Model Articles – are you quorate as a sole director?
A High Court case has shone a light on how the Model Articles work when there is a sole director and come up with an unexpected result. In summary, unless the Model Articles are modified there is an argument that a sole director does not have authority to act. As a result, decisions made by a sole director may be held to be invalid.
The reason for this is the interplay between Articles 7 and 11 of the Model Articles. Article 7 requires decision making to be by majority decision. This effectively requires a quorate meeting or a decision by all eligible directors who would have formed a quorate meeting.
Article 11(2) states that the quorum for directors meetings is a matter for agreement but should never be less than two directors.
It has been generally assumed by corporate lawyers that this quoracy requirement in Article 11(2) is over-ridden by Article 7(2) which states as follows:
“If – (a) the company only has one director, and (b) no provision of the articles requires it to have more than one director, the general rule does not apply, and the director may take decisions without regard to any of the provisions of the articles relating to directors’ decision-making.”
This was based on an understanding that Article 11(2) did not impose a minimum number of directors but instead just dealt with quoracy requirements if there was more than one director.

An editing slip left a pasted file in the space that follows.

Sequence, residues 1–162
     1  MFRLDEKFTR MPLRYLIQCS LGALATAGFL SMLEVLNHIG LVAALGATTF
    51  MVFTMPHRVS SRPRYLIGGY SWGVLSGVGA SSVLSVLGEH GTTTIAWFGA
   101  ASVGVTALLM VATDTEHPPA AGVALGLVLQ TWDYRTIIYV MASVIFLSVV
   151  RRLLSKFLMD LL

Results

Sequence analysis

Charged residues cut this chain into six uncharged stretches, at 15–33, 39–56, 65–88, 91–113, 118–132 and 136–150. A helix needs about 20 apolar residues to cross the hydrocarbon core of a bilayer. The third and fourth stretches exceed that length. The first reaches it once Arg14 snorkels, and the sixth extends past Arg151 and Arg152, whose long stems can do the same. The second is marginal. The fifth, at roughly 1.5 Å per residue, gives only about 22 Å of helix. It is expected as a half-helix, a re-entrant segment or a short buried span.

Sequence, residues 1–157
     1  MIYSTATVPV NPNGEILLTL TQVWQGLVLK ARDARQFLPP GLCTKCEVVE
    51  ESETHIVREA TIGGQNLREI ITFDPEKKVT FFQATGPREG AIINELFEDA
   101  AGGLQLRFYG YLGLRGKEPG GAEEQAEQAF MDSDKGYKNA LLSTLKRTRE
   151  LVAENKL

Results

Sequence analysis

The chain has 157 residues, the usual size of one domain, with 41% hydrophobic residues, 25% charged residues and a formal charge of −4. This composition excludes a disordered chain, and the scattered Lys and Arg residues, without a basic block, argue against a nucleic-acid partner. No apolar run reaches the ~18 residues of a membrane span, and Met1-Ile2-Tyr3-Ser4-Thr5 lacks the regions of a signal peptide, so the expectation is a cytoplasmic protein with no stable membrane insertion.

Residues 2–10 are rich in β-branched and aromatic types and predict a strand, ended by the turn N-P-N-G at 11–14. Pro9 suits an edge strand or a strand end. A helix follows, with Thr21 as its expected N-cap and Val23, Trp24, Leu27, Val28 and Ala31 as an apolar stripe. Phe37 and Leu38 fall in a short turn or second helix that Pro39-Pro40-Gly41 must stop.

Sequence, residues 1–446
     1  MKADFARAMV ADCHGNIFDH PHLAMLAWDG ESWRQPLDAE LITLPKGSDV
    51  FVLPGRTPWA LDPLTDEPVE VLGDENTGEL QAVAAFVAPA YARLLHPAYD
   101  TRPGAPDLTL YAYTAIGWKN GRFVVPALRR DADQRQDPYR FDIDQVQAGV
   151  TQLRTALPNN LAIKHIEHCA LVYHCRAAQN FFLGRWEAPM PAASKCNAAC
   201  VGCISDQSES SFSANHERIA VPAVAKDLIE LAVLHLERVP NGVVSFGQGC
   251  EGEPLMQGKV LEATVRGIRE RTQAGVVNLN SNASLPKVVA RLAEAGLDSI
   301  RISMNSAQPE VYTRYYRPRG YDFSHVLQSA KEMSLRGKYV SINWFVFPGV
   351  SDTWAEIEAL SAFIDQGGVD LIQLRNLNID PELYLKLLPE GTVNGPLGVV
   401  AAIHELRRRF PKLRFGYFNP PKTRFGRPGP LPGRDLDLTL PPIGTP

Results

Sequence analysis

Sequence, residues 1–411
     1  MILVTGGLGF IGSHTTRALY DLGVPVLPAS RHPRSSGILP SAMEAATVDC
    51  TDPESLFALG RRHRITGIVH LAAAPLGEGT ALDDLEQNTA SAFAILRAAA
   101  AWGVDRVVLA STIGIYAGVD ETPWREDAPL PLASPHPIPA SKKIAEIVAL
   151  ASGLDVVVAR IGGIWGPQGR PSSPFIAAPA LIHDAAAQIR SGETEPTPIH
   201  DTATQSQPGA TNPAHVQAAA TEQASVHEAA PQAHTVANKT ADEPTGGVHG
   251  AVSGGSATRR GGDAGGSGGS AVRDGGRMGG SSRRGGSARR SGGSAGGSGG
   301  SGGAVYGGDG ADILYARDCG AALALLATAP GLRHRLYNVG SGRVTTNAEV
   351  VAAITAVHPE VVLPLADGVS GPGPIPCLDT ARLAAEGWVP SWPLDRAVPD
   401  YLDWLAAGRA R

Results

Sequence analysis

However, the Judge in the case of Hashmi v Lorimer-Wing  EWHC 191 (Ch) looked carefully at the wording of the Model Articles and the inter-action between the two articles in a wider context and concluded that Article 11(2) does require the company to have at least two directors. On that basis Article 7(2) does not assist as there is an article requiring the company to have more than one director.
This is not how the Model Articles have generally been interpreted to date and it is likely that many companies with sole directors have simply adopted them in an un-amended form.
On a day to day basis this technical legal point might not seem to matter. However, if things get contentious and there is any dispute with regard to a decision made by a sole director in the company you can expect that this point will be deployed as an argument that the decision is invalid. This could have serious consequences for the director and the company.
Unless this situation is resolved by another judicial decision this represents a significant risk for sole directors in companies who have adopted the Model Articles. To mitigate this risk companies should amend the Model Articles to confirm that there is no requirement for a minimum of two directors and if there are any concerns about historic decisions, ratify those decisions.